Hi Courtney, interesting question! When a scientist studies the material used in food packaging, they need a better understanding of decomposition. Generally inorganic materials are unsafe to eat, and take years to decompose.
If I may suggest what to do for an experiment. The purpose could be to gain a better understanding of the conditions leading to decomposition of organic foods. The microorganisms that break down organic waste need a particular environment to thrive. Like all known living creatures, they need water, oxygen and the right temperature and acidity to thrive. Your hypothesis could be that the microorganisms in soil will completely decompose organic food faster with regular watering, turning over the soil and access to oxygen. For example, you might have your independent variable (s) be the amount of water added, the access to sunlight, the access to oxygen, the pH of the organic food. For instance, compare a lemon's to a banana's decomposition under different soil conditions.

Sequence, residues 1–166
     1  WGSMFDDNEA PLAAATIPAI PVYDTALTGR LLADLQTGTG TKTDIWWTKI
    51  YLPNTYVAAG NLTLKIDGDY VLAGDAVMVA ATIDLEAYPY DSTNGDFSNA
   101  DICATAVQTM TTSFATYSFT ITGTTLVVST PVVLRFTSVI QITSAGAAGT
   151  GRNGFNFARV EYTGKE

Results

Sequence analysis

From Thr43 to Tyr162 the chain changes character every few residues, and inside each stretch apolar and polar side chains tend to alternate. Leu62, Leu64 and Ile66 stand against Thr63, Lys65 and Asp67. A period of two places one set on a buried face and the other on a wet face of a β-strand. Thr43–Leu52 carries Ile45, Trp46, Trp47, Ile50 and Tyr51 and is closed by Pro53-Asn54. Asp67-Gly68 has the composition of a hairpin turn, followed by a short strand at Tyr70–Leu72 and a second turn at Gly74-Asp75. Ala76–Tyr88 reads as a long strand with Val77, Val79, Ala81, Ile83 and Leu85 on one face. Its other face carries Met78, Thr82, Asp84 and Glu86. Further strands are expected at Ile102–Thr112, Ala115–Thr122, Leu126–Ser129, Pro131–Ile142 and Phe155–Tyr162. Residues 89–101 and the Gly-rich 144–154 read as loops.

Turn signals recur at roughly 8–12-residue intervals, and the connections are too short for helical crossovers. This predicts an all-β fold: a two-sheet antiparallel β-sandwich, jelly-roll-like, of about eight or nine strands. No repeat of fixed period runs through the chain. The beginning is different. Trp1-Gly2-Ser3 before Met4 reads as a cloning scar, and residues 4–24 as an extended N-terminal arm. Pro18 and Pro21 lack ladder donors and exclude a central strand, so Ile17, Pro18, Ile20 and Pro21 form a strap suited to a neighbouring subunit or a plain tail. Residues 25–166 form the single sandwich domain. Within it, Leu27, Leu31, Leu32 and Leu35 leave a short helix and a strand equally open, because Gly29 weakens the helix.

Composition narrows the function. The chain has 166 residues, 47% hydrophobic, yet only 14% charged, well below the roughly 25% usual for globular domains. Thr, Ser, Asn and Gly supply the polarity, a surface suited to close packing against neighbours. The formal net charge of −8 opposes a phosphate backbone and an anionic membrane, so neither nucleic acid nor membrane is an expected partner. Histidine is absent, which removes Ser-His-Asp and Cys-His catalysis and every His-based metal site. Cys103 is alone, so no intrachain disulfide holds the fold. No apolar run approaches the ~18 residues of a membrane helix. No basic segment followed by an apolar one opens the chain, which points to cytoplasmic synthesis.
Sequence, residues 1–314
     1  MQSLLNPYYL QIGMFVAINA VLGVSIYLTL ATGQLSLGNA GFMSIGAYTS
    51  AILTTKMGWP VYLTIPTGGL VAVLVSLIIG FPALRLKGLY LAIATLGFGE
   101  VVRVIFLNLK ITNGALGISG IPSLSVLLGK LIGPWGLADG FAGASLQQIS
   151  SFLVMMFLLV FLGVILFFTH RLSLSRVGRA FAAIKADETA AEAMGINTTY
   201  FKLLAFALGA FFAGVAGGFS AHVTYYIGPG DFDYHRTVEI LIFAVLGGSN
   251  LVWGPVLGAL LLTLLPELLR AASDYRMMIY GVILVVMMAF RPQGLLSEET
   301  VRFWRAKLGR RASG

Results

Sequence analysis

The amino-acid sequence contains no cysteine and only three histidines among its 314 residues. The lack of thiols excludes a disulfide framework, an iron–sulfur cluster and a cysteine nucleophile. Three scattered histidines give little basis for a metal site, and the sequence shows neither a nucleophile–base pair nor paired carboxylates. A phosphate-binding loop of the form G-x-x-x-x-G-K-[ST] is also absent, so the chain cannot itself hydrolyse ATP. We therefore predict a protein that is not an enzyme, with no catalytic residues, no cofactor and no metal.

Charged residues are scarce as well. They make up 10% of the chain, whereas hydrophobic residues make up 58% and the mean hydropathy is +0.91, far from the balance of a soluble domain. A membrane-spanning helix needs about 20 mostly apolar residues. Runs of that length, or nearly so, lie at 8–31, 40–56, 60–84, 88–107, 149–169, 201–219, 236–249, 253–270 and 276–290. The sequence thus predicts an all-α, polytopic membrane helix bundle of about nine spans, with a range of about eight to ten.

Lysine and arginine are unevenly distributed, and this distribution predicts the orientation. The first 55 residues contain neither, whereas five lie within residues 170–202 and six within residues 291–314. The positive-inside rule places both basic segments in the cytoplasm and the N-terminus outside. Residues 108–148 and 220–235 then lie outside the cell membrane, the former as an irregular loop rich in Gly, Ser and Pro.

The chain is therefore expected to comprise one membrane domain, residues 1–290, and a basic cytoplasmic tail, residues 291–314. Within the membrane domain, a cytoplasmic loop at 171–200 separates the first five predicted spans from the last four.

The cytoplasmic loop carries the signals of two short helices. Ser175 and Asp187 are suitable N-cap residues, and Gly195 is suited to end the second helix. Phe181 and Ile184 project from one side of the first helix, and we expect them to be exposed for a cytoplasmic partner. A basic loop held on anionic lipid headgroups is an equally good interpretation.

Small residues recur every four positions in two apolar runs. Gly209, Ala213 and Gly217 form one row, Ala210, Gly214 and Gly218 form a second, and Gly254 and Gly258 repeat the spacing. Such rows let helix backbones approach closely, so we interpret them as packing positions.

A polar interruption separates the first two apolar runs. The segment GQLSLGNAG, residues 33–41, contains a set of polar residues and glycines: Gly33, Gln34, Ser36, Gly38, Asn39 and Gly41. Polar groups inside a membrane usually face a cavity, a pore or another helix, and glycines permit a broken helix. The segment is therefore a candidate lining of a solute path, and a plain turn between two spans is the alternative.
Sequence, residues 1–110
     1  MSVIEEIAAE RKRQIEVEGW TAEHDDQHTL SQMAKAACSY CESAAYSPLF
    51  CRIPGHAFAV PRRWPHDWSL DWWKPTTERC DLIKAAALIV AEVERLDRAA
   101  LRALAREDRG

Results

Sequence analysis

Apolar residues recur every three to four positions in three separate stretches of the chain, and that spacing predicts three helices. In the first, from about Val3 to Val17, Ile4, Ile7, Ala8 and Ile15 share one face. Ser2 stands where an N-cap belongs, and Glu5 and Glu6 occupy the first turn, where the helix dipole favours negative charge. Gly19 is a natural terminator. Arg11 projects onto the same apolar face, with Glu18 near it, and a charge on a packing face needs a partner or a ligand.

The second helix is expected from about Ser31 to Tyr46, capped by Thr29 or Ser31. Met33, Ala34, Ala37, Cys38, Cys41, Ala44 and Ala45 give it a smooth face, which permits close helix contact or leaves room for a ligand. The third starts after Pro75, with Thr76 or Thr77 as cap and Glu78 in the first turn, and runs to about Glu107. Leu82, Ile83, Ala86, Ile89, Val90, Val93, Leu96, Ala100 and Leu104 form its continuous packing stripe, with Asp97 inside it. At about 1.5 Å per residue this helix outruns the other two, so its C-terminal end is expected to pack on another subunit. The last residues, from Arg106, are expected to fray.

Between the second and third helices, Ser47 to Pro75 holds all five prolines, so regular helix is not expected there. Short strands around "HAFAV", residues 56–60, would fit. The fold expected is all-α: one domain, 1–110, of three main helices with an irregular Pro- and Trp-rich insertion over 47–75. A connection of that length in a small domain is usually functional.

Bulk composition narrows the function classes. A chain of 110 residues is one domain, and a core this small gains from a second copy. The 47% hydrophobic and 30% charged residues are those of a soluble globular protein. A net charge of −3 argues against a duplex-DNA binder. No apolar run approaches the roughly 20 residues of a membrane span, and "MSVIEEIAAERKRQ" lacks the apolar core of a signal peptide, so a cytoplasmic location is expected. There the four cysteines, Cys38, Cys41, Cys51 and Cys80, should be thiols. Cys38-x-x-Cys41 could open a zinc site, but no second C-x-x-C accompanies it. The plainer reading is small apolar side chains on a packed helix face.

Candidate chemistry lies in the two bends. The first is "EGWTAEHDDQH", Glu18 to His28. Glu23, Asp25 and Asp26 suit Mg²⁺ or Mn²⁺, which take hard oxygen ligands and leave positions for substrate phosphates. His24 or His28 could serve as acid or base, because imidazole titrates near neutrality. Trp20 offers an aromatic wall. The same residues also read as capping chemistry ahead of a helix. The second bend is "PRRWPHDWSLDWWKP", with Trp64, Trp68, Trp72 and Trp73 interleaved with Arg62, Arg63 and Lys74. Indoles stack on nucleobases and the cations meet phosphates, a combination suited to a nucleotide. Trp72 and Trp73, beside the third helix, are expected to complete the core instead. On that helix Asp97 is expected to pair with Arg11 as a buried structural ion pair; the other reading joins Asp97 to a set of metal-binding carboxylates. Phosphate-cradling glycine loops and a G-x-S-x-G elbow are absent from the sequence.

Try closing some jars of soil with a lid, to create an oxygen deprived environment. Or poke holes in the top! Get creative, and you will have a great investigation! Good luck!
Note from ScienceLine Moderator:
The scientist answering to this question would like to make it clear that the experiment with inorganic materials would take years to be fruitful, so it is more convenient for you Courtney to learn from the experiment that our scientist is suggesting to you.
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